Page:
Three months after my country was attacked on September the 11th, 2001, Prime Minister Thaksin came to America and offered Thailand's help in the war on terror. Since then, Thailand has committed military forces outside Southeast Asia for the first time in more than 50 years. Some of you have just returned from Afghanistan, where you gave many months of service. Thai engineers rebuilt Afghanistan's national air field and helped restore much of that country's infrastructure. The Afghan people and the American people are grateful for your service. The Thai task force is a vital part of the multinational division, once again helping the shattered country rebuild after years of oppression.

President George W. Bush addresses Thai troops at the Royal Thai Army Headquarters in Bangkok, Thailand, Sunday Oct. 19, 2003.  White House photo by Paul Morse Inside your own country, you are pursuing dangerous terrorists and finding them -- and America thanks you for ending the lethal career of the terrorist Hambali, who is suspected of planning the attack in Bali and other acts of terror. Thailand pledged to fight the war on terror, and that pledge is being honored in full.

Thailand is also a force of good throughout Southeast Asia. When East Timor was torn by violence, Thai forces joined with Americans and Australians to bring stability, and they helped establish the world's newest nation. This important work has brought dignity to the people of East Timor and greater security to this region.

Together, our two nations are fighting the drug trade by sharing intelligence that helps Thai law enforcement officials interdict shipments and catch drug traffickers. We're fighting the trafficking in human beings, to abolish a modern form of slavery.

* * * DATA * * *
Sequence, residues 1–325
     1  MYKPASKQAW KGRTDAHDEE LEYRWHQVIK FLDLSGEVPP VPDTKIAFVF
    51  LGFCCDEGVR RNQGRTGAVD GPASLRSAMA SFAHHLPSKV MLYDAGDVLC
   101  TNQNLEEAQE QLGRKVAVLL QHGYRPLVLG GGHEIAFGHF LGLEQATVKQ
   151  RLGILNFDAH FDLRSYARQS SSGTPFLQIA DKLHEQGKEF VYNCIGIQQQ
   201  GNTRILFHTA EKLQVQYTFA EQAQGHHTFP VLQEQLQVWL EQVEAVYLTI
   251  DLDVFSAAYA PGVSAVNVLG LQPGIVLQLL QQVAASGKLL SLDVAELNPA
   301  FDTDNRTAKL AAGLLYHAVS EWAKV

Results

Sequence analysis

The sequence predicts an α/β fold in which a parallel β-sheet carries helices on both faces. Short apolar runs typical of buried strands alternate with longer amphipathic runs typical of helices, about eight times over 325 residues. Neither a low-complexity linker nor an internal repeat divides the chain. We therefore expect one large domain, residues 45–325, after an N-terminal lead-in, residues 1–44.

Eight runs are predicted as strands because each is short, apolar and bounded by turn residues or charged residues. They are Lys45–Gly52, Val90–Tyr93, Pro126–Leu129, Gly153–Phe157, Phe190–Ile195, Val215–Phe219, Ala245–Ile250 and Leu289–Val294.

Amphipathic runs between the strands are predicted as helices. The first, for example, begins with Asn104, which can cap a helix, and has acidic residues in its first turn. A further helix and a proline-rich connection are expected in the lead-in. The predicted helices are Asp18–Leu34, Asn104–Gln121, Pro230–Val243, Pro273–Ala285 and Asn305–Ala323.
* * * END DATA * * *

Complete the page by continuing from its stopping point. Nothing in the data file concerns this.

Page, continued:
America supports your country's humane efforts to find, defuse and dispose of land mines. And having cooperated for decades to fight hepatitis and malaria, we're now working together to turn the tide against AIDS.

America and Thailand understand that trade and growth are the only sure ways to spread prosperity and lift people and nations out of poverty. And this morning I'm pleased to announce that the United States and Thailand are planning to launch negotiations toward a free trade agreement. This region and our world must one day trade in freedom.

In all our common efforts, we are confident of the outcome. We're confident in the power of freedom to overcome hatred and uplift whole nations. We're confident in the strength of our alliance and I have acted to designate Thailand a major non-NATO ally of the United States. And we're confident in the character of those who defend us. American and Thai forces serve together and train together and study at military academies in each other's countries. We have come to know and respect one another.

America remembers and honors a young man named Kemaphoom Chanawongse, known to his family and friends as Ahn. He was born in Bangkok, the grandson of a Royal Thai Air Force veteran. He moved to America when he was nine years old, fulfilled his great ambition to become a United States Marine. Ahn was part of the force that defeated the army of Saddam Hussein. He was killed in action near An Nasariyah. This son of Thailand, this American patriot, was buried among America's greatest military heroes at Arlington National Cemetery. This brave Marine brought honor to the nation he served and honor to the nation of his birth.

Thailand and the United States lie thousands of miles apart. Yet in the ideals we serve, we will always be close. America is grateful for your friendship. We respect the skill and valor of the Royal Thai military. And we're proud to stand by your side in the cause of peace. May God bless you. (Applause.)

END 12:49 P.M. (Local)